Life has been pretty busy for me lately, as evidenced by my lack of posts here on the blog. I’m sort of frustrated that I’m losing touch with some of my regular readers because I just don’t have time to keep up with anything outside of work anymore. But I’m really hoping to get back to writing more after the Biggest Week in American Birding isn’t absorbing all of my time. At BSBO we’re burning the candle at both ends these days, attending to all the details that make this festival so successful. It’s a lot of exhausting work, but the carrot at the end of the stick is the joyful ten days next month when our birding friends from across the country will gather here on the shores of Lake Erie to celebrate the spring migration. This is very satisfying work, and even when I’m drop-dead exhausted, I’m so thankful to be where I am, doing what I’m doing. 🙂

But what I wanted to write about now is the wonderful afternoon I just had. We had a very mild winter here in northwest Ohio, with only a couple snowfalls of about two inches at a time. But last night we got whopped with more than seven inches of heavy, wet April snow. I wasn’t liking it very much when I got caught driving home in the worst of it last night, but this morning everything was so beautiful. Here are a couple pictures from my backyard:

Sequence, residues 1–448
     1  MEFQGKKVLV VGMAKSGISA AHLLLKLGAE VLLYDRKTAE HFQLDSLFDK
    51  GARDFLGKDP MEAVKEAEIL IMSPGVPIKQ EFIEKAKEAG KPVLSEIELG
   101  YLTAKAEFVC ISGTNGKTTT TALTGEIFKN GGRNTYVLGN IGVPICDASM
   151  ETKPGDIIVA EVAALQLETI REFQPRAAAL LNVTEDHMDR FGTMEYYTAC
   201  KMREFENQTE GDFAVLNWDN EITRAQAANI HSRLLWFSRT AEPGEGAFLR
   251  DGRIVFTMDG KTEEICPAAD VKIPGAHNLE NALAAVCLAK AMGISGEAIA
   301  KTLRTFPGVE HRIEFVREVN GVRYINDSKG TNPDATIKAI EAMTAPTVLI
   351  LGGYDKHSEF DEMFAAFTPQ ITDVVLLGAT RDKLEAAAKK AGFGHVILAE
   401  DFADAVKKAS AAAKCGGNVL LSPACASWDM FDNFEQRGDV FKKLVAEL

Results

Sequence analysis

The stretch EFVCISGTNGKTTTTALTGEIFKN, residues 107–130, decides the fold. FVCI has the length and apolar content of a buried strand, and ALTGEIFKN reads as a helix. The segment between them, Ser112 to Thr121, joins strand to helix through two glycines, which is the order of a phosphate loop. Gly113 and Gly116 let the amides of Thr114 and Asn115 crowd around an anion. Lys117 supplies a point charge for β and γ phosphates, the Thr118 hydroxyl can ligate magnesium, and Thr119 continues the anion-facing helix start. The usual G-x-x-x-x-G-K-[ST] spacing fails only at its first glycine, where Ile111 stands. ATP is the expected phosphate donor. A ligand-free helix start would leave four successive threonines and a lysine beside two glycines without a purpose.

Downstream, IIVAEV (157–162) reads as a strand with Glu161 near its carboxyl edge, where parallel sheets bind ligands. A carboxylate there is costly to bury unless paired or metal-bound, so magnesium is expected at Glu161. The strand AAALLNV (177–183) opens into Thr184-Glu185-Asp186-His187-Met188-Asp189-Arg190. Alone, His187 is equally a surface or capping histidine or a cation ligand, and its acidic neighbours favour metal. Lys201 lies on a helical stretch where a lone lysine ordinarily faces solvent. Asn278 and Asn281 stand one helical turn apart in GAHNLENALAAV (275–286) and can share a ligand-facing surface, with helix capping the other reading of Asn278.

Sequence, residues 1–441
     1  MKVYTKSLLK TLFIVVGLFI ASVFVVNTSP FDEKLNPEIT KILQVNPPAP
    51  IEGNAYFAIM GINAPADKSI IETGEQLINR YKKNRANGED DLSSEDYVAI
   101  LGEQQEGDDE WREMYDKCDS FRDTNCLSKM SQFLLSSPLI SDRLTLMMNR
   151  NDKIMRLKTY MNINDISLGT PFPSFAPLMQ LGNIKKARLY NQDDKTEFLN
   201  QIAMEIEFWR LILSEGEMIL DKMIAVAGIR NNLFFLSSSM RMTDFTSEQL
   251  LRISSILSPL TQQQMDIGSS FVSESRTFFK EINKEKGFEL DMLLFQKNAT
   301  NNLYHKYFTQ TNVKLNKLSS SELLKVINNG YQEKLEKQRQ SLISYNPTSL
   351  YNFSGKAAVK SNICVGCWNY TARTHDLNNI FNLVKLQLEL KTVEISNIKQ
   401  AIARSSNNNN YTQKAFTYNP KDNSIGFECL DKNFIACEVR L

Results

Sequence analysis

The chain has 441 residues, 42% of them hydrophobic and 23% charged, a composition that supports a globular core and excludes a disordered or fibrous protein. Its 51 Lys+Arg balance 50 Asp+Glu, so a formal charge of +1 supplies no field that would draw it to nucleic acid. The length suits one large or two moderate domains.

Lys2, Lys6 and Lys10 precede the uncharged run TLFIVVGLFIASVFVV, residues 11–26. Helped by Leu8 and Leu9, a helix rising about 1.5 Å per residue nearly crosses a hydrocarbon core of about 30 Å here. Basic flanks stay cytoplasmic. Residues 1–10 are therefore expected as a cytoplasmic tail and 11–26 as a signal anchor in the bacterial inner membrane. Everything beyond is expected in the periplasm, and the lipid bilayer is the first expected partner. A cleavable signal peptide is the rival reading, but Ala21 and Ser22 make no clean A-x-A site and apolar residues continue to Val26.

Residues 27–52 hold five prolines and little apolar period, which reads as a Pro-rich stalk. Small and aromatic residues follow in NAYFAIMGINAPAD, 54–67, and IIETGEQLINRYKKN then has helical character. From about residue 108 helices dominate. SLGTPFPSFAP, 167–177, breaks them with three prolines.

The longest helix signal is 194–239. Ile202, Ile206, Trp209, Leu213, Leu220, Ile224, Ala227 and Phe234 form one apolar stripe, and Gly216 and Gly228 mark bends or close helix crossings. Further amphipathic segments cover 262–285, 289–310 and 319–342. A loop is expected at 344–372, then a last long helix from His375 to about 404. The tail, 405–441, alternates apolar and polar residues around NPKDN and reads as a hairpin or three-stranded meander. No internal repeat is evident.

Seven inches of snow on patio April 9 2016 (800x533)

Snow in backyard April 9 2016 (800x533)

After my driveway was plowed at lunchtime, I decided to go run a couple errands. My intention was to be back home in less than an hour, so I didn’t take my camera (…cue dramatic music that tells you that was a BIG mistake…).

As I ran my errands I noticed how pretty the tree-lined streets were around this little town, and I took a few cell phone pictures. Then I impulsively decided to drive over to Spiegel Grove, the home of President Rutherford B. Hayes, to take a quick walk around their lovely grounds. It’s a pretty place very close to my home, and I’d like to visit there more often. And I knew my cell phone camera would be fine for taking some pictures of the huge snow-covered trees.

Hayes Memorial - April snow v1.jpg

As soon as I stepped out of my car I heard a flock of Golden-crowned Kinglets in the evergreens beside the parking lot. I quickly counted at least a dozen of them, and stood there watching them for a few minutes. There were also a couple Eastern Phoebes in that spot. I was already kicking myself for leaving home with out my camera. But it seems that I get the best views of birds when I don’t have my camera, so I decided to just enjoy the birds and make mental images. (I’m sharing a couple bird pics from previous years, just so you can see which species I’m talking about.)

Eastern Phoebe
Eastern Phoebe

Golden-crowned Kinglet - best crop (800x541)
Golden-crowned Kinglet